Monthly Archives: March 2016

First Aid for Bleeding: What You Need to Know

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While bumps and bruises are very normal daily risks, there may still be times when your child experiences a more severe injury which may involve an equally alarming result of bleeding. Though adults can wing an injury that may involve loss of blood up to 500ml, the same could not be expected of children. Hence, it is very important for us to know what we can do when injuries do happen.

When an injury to your chilled o severe also causes bleeding be sure to act quickly in seeking medical help since the magnitude of your child’s injury may not be manifest.
Also, make him or her lie down facing up, raise his or her legs by placing pillows under them. This is to prevent from the blood from not flowing to the brain that may cause the child to faint.
However, should there be signs of fracture, avoid moving him or her as much.
If what is injured is a limb, do try to rest that part of the body as much as possible by raising it or elevating it.
Loosen his clothing and remove the belt, if there is any.
Do not apply heat to the wound. What you can do instead is to cover him or her with a blanket.
In removing foreign matter or dirt from the wound or the injury be extremely careful, but don’t even try to remove something that is deeply imbedded in the skin for doing so might cause more harm than good.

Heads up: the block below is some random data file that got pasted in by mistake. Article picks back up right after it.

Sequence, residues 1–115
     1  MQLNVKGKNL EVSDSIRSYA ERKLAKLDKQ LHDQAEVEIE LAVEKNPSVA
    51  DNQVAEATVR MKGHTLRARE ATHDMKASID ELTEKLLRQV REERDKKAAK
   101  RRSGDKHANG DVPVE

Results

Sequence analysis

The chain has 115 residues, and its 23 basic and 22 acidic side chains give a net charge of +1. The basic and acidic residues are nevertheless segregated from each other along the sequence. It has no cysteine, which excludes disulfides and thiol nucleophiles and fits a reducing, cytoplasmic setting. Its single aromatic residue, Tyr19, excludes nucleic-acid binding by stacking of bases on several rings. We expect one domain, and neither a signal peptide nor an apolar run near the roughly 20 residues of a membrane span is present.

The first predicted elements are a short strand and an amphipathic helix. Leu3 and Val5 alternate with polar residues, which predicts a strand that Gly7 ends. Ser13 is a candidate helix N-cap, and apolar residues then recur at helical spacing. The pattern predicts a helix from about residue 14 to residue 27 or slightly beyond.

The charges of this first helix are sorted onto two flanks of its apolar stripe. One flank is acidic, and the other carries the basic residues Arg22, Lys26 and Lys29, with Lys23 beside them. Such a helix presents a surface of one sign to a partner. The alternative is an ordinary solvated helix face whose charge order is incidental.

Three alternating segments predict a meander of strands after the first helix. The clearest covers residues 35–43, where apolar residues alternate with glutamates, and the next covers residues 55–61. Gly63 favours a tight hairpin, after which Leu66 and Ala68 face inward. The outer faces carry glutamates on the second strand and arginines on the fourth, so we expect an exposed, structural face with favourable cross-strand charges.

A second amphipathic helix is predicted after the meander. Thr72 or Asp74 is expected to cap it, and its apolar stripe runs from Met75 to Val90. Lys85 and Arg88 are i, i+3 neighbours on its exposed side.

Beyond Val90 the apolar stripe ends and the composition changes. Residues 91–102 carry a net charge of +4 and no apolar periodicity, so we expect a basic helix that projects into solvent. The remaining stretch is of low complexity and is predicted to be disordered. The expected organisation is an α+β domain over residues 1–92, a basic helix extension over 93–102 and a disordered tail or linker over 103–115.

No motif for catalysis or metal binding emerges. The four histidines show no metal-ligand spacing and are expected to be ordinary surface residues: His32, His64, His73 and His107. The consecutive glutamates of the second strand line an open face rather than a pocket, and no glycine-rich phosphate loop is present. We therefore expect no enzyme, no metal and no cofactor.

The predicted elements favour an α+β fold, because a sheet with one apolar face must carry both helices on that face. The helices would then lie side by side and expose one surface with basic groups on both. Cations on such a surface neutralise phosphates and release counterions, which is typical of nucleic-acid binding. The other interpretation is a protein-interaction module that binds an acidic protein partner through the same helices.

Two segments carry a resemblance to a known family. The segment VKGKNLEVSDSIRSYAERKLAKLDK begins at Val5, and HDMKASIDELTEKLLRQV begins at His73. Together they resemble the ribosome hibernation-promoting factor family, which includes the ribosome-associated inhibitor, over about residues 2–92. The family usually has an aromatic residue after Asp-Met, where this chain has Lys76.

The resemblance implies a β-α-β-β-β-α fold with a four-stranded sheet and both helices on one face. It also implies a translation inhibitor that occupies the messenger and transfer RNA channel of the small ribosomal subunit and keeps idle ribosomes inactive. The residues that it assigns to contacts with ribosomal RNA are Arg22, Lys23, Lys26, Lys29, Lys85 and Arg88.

When applying direct pressure to the wound to stop bleeding, be sure to use a clean cloth, place it on top of the wound, and with firmness press down. If blood soaks through the cloth, do not remove it. Instead, cover it with another layer of cloth.
If it is apparent that something is imbedded in the wound, do not apply direct pressure over the wound. This would of course simply push the matter deeper than it already is.
If, despite applying direct pressure, the bleeding is not reduced, redirect pressure to the artery that is supplying the blood to that limb by pressing the artery close to the bone under it. In applying pressure, it is best to do so in pressure points closest to the wound which are usually found in the upper arm or upper leg.
Consistently apply pressure until bleeding is gone or is reduced, after which place a clean dressing that has been soaked in antiseptic over the wound. If it gets soaked with blood, do not remove it merely instead add another layer.
Do not give the child something to drink or eat. If he or she is thirsty, apply water only to his lips.

If the injury is so severe and all these efforts fail at stopping the bleeding, use a tourniquet. Be sure to bind above the bleeding area. Remember that tourniquet is only to be used when all other efforts fail and not as a primary remedy. Also, when you apply the tourniquet, be sure to let the doctor know about it.

Once the bleeding has stopped, immobilize the injured area and don’t remove the bandages.